I had high expectations going into the theater to see “Kin.” Its trailer touted that it was from the producers of “Arrival” and “Stranger Things,” both of which I have seen and enjoyed.
I figured with a track record of quality entertainment from its producers, there could be no way that “Kin” could disappoint. Sadly, I was wrong.
“Kin” opens with the sounds of an unseen futuristic battle between two unknown parties.
Stray laser fire and explosions fill the screen in a sequence that sets the movie up for greatness, but there are some issues.
This scene contains just about all of the action and explosions that were shown in the trailer. Not a good sign, considering that none of the characters were introduced yet.
Our protagonist, Eli (Myles Truitt), a young boy who lives in present day Detroit, goes on a cross-country trip with his older brother from his adoptive family, Jimmy (Jack Reynor), to get away from an arms dealer named Taylor (James Franco).
Jimmy has just been released from prison and owes Taylor $60,000 for protection services while he was behind bars.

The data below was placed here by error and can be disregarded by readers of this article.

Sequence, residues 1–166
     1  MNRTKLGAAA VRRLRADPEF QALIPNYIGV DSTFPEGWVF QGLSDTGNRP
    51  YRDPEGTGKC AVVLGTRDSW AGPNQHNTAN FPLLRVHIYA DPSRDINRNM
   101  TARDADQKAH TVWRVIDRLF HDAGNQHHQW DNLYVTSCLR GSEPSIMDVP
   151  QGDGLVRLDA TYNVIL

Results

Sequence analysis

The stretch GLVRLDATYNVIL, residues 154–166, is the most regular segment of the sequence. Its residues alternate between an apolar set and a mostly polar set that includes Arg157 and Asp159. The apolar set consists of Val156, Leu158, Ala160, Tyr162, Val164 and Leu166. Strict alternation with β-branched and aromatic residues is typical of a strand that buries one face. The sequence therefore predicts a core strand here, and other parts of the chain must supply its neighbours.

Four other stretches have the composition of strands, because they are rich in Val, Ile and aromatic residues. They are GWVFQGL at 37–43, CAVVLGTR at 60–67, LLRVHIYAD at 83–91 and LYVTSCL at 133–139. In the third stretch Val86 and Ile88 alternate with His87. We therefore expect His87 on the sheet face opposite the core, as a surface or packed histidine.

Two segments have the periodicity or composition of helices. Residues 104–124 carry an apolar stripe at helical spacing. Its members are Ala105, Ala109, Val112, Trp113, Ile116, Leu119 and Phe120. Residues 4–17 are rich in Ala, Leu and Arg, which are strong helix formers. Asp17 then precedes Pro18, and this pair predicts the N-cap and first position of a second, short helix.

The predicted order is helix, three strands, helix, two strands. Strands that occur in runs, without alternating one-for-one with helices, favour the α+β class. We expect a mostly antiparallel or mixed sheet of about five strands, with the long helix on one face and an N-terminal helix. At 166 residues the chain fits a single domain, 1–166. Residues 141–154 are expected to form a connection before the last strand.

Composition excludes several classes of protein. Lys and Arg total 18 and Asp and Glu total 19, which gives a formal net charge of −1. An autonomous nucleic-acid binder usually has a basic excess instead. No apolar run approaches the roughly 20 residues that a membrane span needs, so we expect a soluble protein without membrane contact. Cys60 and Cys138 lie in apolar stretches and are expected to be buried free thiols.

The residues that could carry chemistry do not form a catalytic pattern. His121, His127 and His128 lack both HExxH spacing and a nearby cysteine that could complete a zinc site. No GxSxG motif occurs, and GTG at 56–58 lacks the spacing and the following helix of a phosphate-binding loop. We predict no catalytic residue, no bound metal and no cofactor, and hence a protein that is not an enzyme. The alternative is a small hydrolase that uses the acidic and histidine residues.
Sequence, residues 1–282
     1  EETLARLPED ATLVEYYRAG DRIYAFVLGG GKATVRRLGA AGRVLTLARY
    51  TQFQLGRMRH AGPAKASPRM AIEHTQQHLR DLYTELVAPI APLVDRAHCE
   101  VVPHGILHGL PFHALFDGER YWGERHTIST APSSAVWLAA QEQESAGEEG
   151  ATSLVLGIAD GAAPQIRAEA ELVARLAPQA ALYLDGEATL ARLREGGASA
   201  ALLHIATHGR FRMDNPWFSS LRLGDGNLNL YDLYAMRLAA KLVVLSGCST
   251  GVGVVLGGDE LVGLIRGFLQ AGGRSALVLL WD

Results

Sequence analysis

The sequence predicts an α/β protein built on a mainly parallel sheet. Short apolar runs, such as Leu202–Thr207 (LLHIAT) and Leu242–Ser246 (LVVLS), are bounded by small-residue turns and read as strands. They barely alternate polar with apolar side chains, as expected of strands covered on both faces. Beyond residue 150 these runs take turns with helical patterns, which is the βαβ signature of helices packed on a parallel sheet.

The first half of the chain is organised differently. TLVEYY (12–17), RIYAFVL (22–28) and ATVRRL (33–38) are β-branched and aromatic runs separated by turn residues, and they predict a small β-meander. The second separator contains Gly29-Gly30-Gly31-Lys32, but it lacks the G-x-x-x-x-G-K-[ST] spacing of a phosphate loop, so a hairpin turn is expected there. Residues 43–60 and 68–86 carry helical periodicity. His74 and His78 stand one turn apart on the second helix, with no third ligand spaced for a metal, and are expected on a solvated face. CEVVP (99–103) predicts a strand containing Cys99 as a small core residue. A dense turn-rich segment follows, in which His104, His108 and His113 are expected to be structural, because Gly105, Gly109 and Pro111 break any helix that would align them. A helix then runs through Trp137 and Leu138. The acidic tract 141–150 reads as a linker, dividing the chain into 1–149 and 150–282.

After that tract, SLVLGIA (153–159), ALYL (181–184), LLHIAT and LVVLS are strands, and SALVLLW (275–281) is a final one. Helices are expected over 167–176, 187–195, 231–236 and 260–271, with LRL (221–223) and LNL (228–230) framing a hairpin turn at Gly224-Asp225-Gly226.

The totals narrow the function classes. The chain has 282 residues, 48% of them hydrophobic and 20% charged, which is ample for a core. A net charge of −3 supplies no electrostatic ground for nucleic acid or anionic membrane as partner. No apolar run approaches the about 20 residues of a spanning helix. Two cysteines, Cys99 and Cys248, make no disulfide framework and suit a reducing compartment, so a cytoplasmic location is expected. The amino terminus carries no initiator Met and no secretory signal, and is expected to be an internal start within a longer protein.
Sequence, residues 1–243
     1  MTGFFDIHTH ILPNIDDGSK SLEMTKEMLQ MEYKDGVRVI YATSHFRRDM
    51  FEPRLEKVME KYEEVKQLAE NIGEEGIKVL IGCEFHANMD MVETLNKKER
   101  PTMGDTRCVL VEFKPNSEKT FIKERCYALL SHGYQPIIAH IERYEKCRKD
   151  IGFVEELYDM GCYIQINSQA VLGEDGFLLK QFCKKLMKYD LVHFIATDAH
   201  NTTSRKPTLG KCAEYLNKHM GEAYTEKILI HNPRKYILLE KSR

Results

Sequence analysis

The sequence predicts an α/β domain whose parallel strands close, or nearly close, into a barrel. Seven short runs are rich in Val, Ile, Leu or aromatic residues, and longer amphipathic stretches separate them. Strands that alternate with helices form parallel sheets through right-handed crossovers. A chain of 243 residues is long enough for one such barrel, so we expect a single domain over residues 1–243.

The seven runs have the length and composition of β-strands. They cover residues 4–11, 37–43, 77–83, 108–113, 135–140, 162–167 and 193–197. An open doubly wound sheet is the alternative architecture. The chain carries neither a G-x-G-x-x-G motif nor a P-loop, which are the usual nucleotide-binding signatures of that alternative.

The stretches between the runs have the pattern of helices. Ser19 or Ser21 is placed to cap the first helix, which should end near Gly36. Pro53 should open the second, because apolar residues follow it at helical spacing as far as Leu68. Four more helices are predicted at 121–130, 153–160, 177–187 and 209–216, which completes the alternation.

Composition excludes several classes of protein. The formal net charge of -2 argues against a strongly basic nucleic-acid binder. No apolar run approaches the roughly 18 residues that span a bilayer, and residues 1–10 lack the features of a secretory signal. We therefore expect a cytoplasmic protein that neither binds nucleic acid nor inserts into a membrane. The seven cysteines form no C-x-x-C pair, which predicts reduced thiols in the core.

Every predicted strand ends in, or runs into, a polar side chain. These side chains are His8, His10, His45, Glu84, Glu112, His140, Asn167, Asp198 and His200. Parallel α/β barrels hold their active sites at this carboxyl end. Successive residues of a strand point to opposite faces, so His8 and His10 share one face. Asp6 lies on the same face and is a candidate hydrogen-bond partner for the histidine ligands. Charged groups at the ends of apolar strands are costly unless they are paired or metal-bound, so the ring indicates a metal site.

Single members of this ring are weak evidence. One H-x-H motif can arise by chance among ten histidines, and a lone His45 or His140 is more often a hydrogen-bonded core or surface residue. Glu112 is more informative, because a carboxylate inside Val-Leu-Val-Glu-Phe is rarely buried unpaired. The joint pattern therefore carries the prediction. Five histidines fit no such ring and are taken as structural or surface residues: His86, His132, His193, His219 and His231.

The pair are being followed by two futuristic soldiers that want to take back the laser rifle that Eli found at the site of the battle alluded to in the opening of the movie.
The main issue with “Kin” is that it does not know what kind of movie it wants to be.
It was marketed as a sci-fi action movie, despite being a depressing and poorly executed family drama.
The inclusion of the futuristic elements almost seems tacked on, as if the story was not good enough to begin with, and the studio executives just threw them in to spice up the story.
The weakest part of the whole movie has to be the finale. In the last 10 minutes of the movie, it is revealed that one of the futuristic soldiers takes off his mask and is revealed to be Michael B. Jordan.
Jordan’s unnamed character proceeds to drop an absurd amount of exposition on Eli in what can only be interpreted as an obvious and poor attempt to set up a sequel.
Jordan tells Eli that people from the future are coming to kill him, and that it is his job to keep him safe.
This revelation comes out of nowhere, and is jarring to say the least.
And if what Jordan described to Eli sounds familiar, it is because it is extremely similar to the plot of “Terminator 2: Judgment Day,” a far superior film that I would have much preferred to watch instead of this mess.
The lone bright spot of “Kin” is Myles Truitt. “Kin” is Truitt’s motion picture debut, and his performance conveys a wide range of emotions that makes him the only character the audience can empathize with.
I am not the only one who expresses such distaste for this movie, as “Kin” currently boasts a 33 percent on Rotten Tomatoes and 5.9/10 on IMDB.com.
Please, take my advice and do yourself a favor, do not go see “Kin.”